Self-Motivation
David Goggins
Former Navy Seal
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Bryan Cranston
Actor
Critical Thinking
Liv Boeree
International Poker Champion
Emotional Intelligence
Amaryllis Fox
Former CIA Clandestine Operative
Management
Chris Hadfield
Retired Canadian Astronaut & Author
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Is There Such A Thing As A "Negativity Gene"?

Not exactly, say the authors of a new study. However, they have identified a certain gene variation that causes people to notice the negative more quickly while also experiencing emotional events more vividly.

What's the Latest Development?


A study published online last week in Psychological Science suggests that there may a genetic reason why some individuals "focus on the slippery rocks instead of the breathtaking scenery" during a nature hike. Researchers showed test subjects a series of words in quick succession and asked them to pick out two words in green displayed half a second apart. Due to a phenomenon called attentional blink, subjects would occasionally miss the second word, but if that word had a strong or dark emotional overtone (for example, "rape") they would remember it more strongly. Those who noticed dark words most successfully also had a specific type of gene that lacked certain amino acids.

What's the Big Idea?

The gene variation results in more norepinephrine in the brain, and it's that chemical that helps people remember emotionally charged events more vividly and, according to the researchers, notice more of the negative in real time. Study co-author and Cornell University psychologist Adam Anderson says, "This is a simple experiment, but there are probably pretty profound consequences to seeing negative things more readily." However, he adds that it's too soon to say that a "negativity gene" exists: "Instead of thinking this is a genetic sentence...think of it as a gene enhancing things related to your experience."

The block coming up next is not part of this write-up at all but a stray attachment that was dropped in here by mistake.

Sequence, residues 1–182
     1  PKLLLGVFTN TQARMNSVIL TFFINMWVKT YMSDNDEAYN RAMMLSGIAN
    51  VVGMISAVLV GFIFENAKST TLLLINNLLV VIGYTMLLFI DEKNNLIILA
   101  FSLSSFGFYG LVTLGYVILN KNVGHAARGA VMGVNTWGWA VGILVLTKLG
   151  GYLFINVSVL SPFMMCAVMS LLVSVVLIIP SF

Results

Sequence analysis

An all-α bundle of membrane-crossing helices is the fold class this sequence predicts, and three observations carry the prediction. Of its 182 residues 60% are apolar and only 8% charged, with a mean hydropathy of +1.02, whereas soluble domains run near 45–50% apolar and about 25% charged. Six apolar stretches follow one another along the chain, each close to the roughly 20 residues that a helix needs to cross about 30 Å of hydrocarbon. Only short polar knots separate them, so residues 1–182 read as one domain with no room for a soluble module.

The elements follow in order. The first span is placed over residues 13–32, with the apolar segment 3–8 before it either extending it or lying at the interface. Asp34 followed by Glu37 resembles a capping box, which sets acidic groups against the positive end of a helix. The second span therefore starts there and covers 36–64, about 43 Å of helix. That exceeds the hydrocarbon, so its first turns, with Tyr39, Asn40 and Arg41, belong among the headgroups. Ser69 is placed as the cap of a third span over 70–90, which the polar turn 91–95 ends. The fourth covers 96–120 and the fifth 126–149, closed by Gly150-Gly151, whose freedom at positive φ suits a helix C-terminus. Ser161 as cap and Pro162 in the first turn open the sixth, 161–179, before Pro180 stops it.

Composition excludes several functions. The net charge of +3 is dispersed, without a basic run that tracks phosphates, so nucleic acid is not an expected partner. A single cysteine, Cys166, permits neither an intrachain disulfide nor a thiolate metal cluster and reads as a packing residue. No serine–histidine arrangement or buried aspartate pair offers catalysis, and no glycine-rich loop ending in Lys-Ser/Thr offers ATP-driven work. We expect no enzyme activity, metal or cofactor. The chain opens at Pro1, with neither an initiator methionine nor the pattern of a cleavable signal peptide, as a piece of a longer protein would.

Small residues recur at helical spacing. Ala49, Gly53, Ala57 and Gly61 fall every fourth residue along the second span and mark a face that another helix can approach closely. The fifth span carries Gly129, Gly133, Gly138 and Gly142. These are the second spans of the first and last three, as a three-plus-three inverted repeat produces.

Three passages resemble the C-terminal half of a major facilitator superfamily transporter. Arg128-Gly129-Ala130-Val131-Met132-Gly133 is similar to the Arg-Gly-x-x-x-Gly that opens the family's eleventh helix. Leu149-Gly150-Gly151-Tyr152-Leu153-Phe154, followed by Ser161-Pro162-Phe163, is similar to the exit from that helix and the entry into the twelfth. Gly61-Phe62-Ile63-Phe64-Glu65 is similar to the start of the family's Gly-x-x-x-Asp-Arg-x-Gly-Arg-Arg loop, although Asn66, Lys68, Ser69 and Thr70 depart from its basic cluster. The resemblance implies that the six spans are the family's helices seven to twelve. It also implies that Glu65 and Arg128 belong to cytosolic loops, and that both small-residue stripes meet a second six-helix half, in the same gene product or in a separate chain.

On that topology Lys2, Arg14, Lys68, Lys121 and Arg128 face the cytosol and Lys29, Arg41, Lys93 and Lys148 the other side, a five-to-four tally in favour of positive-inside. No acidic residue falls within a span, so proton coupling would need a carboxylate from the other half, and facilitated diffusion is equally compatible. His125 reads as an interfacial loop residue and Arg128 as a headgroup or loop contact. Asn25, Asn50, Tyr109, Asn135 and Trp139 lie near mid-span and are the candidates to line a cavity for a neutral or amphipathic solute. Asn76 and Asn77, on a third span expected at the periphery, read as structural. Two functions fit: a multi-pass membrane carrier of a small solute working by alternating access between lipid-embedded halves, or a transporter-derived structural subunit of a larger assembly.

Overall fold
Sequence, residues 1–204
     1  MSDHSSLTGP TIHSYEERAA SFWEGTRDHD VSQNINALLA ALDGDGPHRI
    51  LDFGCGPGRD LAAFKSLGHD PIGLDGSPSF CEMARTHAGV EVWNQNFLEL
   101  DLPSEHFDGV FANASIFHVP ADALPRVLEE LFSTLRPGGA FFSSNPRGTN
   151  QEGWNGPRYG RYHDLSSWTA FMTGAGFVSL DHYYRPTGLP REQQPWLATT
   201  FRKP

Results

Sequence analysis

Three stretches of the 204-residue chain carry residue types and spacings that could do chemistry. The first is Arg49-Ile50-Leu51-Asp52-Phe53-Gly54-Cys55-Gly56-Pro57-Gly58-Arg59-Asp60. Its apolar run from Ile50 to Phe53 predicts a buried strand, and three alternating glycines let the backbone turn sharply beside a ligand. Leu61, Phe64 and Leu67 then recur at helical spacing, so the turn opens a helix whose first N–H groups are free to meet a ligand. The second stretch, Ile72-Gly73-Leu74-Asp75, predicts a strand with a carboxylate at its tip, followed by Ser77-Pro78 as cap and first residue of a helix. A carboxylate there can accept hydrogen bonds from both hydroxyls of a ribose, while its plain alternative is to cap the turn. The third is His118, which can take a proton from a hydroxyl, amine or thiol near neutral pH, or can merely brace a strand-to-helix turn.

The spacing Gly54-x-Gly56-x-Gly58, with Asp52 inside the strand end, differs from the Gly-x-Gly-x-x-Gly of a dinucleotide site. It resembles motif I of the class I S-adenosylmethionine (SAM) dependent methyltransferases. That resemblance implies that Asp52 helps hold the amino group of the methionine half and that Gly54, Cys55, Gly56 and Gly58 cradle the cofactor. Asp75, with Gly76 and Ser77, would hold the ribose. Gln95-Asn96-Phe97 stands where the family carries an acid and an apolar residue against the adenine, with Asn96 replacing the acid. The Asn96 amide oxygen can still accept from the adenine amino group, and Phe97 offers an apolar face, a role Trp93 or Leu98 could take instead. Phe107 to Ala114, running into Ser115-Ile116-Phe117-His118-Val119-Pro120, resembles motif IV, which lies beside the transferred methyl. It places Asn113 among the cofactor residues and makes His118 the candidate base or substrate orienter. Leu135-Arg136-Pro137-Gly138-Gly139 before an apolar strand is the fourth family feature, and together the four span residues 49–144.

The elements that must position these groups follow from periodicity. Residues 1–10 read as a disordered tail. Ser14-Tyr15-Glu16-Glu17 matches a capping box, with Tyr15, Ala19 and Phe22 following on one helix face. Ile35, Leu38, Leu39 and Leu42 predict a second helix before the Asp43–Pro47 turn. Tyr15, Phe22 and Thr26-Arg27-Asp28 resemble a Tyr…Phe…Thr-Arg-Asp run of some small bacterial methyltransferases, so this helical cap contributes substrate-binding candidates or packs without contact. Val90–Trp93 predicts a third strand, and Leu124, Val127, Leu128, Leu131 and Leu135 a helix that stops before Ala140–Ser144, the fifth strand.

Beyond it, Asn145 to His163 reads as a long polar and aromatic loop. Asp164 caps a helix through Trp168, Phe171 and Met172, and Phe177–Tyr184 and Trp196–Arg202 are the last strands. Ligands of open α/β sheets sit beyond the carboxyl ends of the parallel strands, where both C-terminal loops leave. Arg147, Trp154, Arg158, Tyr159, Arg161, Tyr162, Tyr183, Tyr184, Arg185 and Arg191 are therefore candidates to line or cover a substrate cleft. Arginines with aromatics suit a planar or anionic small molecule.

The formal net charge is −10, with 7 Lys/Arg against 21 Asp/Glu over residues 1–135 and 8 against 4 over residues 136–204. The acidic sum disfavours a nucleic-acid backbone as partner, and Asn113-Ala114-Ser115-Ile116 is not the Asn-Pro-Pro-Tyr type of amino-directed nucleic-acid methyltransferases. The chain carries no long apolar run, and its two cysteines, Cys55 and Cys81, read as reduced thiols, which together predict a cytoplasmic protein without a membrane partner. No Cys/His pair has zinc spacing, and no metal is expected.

Photo Credit: Shutterstock.com

Read it at The Washington Post

Is the universe a graveyard? This theory suggests humanity may be alone.

Ever since we've had the technology, we've looked to the stars in search of alien life. It's assumed that we're looking because we want to find other life in the universe, but what if we're looking to make sure there isn't any?

According to the Great Filter theory, Earth might be one of the only planets with intelligent life. And that's a good thing (NASA, ESA, and the Hubble Heritage Team [STScI/AURA]).
Surprising Science

Here's an equation, and a rather distressing one at that: N = R* × fP × ne × f1 × fi × fc × L. It's the Drake equation, and it describes the number of alien civilizations in our galaxy with whom we might be able to communicate. Its terms correspond to values such as the fraction of stars with planets, the fraction of planets on which life could emerge, the fraction of planets that can support intelligent life, and so on. Using conservative estimates, the minimum result of this equation is 20. There ought to be 20 intelligent alien civilizations in the Milky Way that we can contact and who can contact us. But there aren't any.

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The key to better quality education? Make students feel valued.

Building a personal connection with students can counteract some negative side effects of remote learning.

Future of Learning
  • Not being able to engage with students in-person due to the pandemic has presented several new challenges for educators, both technical and social. Digital tools have changed the way we all think about learning, but George Couros argues that more needs to be done to make up for what has been lost during "emergency remote teaching."
  • One interesting way he has seen to bridge that gap and strengthen teacher-student and student-student relationships is through an event called Identity Day. Giving students the opportunity to share something they are passionate about makes them feel more connected and gets them involved in their education.
  • "My hope is that we take these skills and these abilities we're developing through this process and we actually become so much better for our kids when we get back to our face-to-face setting," Couros says. He adds that while no one can predict the future, we can all do our part to adapt to it.
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Study details the negative environmental impact of online shopping

Frequent shopping for single items adds to our carbon footprint.

A truck pulls out of a large Walmart regional distribution center on June 6, 2019 in Washington, Utah.

Photo by George Frey/Getty Images
Politics & Current Affairs
  • A new study shows e-commerce sites like Amazon leave larger greenhouse gas footprints than retail stores.
  • Ordering online from retail stores has an even smaller footprint than going to the store yourself.
  • Greening efforts by major e-commerce sites won't curb wasteful consumer habits. Consolidating online orders can make a difference.
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Personal Growth

Childhood sleeping problems may signal mental disorders later in life

Chronic irregular sleep in children was associated with psychotic experiences in adolescence, according to a recent study out of the University of Birmingham's School of Psychology.

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